Along with Youth (A Retrospective)


By Wayne Allensworth

Piles of old magazines,

Drawers of boy’s letters

And the line of love

They must have ended somewhere.

Yesterday’s Tribune is gone

Along with youth —

Ernest Hemingway

Bliss it was in that dawn to be alive, wrote Wordsworth. But to be young was very heaven. Part of what the poet penned as an “autobiographical poem,” those lines would linger in his heart and mind, and eventually be tarnished by disillusionment. Wordsworth, like many romantics of his day, was thinking of the French Revolution, and what they thought it could be. But what dreamers dreamt often ends in disappointment, and the “bliss” Wordsworth described died on the guillotine, along with the utopia they envisioned. A wiser, more prudent Wordsworth later titled the poem The French Revolution as it Appeared to Enthusiasts at its Commencement.

But I don’t know that he, or any of us who look back with longing at the dreamlike enthusiasms of our youth, ever lost the sense that we should dream or ever forget those times when the world seemed so full of possibilities. When every experience was a first, when we think only of what’s ahead and what could be, might be, should be, never imagining the end. Until, one day, we realize that we are nearer to that end than to a world of new beginnings. So, we look back and wonder — or look back in wonder — and wistfully ponder those times. 

Sometimes my friends and family ask me, “What did you do today?” The answer varies, of course, but here are some things that I do on most days. I think of all the books I’ve read — and of all the ones I’ll probably never get to. The places I’ve been and the experiences I’ve had — and all the places I’ll probably never see, and experiences I can only imagine. To go from knowledge to new understandings. I think of old friends and family, and I wonder what happened to some of them. I take a walk. I pray. And I wish. I wish a lot.

What did I do today? I went to the dentist. I heard some sad news from an old friend I had been intending to call. Something had told me I should. I heard the chime go off on my cell phone reminding me to give Bill his medicine, and he’s been gone for two years now. And I realized that what passed along with youth were friendships of an intensity that can never be matched. And those friends?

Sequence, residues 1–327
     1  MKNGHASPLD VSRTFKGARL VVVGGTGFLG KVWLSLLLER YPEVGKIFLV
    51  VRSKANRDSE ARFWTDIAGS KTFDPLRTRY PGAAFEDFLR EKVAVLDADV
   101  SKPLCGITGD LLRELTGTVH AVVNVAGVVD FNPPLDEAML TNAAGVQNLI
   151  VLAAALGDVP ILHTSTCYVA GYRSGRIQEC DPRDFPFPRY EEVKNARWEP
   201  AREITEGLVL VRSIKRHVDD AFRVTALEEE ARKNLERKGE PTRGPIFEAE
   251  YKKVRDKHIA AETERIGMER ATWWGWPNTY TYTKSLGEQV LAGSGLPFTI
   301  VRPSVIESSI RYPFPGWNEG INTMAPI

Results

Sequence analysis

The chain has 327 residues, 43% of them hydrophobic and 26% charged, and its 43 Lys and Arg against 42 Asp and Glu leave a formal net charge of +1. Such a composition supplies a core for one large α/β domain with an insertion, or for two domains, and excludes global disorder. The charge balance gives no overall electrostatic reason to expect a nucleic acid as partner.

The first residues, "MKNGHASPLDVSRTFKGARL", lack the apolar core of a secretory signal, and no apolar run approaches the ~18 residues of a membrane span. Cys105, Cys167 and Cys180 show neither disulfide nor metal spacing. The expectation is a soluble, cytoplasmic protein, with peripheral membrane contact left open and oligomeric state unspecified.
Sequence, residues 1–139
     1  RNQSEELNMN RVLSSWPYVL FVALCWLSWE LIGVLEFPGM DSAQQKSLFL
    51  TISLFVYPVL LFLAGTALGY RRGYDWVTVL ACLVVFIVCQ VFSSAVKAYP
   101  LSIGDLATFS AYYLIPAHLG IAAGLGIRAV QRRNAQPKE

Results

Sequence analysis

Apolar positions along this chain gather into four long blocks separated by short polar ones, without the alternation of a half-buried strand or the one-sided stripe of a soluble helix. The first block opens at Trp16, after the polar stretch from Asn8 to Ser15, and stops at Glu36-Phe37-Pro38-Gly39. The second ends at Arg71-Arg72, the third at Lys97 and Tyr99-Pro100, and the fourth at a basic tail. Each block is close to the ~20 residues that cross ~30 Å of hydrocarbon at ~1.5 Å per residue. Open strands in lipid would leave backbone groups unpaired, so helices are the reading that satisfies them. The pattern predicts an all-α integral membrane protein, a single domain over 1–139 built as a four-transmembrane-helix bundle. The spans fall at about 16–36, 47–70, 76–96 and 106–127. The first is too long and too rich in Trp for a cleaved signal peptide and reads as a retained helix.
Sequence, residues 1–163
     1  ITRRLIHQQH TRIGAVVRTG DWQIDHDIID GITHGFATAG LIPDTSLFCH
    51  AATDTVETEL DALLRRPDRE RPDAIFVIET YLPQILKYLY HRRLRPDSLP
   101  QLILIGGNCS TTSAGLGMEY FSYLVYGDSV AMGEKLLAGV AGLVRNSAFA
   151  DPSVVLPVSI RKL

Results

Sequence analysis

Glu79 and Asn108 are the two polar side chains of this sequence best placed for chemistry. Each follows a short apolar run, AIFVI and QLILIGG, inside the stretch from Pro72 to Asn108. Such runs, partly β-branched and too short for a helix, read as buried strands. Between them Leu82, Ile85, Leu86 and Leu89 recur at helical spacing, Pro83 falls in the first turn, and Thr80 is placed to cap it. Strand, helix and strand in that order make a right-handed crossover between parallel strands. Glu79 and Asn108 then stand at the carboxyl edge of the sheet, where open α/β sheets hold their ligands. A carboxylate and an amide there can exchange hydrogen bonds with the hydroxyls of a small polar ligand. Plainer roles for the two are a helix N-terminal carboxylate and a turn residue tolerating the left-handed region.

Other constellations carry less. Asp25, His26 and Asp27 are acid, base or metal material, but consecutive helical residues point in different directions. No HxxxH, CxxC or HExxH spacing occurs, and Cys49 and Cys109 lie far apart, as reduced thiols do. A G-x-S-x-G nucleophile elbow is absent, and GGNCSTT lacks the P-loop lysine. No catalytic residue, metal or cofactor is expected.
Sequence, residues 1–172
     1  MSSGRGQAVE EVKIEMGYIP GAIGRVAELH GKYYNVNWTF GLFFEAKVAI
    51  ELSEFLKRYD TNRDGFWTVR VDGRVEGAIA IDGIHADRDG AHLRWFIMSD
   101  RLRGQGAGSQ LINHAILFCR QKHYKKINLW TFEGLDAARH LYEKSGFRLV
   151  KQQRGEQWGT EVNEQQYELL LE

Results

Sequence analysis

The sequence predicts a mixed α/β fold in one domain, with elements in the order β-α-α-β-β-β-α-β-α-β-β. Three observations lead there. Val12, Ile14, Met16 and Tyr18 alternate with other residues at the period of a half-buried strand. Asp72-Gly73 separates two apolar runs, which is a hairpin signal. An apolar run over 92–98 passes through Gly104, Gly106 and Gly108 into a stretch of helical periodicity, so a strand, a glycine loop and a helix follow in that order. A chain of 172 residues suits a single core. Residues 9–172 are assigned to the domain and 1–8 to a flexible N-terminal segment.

It’s strange that when we see one another, sometimes we slip right back into the old roles. So many times, we tell the same stories and laugh and remember just as intently as we had before. We think of what was and what might have been, ties forged in youth’s emotional and experiential furnace. And sometimes we don’t know exactly what to say, as time has pulled us far from youth’s blazing glories and crushing disappointments, each of which seemed so momentous at the time. But the tie is still there. And sometimes, you think maybe it would have been better not to have seen someone again. Too much water under the bridge. Too many walls that came up with age and new identities. Better to just to remember things as they were and get on with life. Just the same, I know it was all worth it. And that it was good. And necessary. The lessons learned, the people you met.

I watched a movie I hadn’t seen in a long time the other night. It’s called Stand by Me. It’s a little story about a group of four friends in a small town in Oregon in 1959. And it’s about an adventure they shared, an awakening they experienced. Richard Dreyfus plays a grown version of one of those boys. He’s a writer, so at the end of the movie, he reflects as writers do and ponders what happened to that group of friends. He drifted apart from them, and one of them was killed. He types away, ending his story with an observation: that he never again had such friends as he had when he was 12. Does anyone? I don’t think so. Maybe it’s 12. Maybe it’s 16 or 18, or 20. But I know what he means. You always look back at when you heard the chimes at midnight with a dear friend. When you shared the bliss in that dawn, when to be young was heaven. 

Chronicles contributor Wayne Allensworth is the author of The Russian Question: Nationalism, Modernization, and Post-Communist Russia, and a novel, Field of Blood

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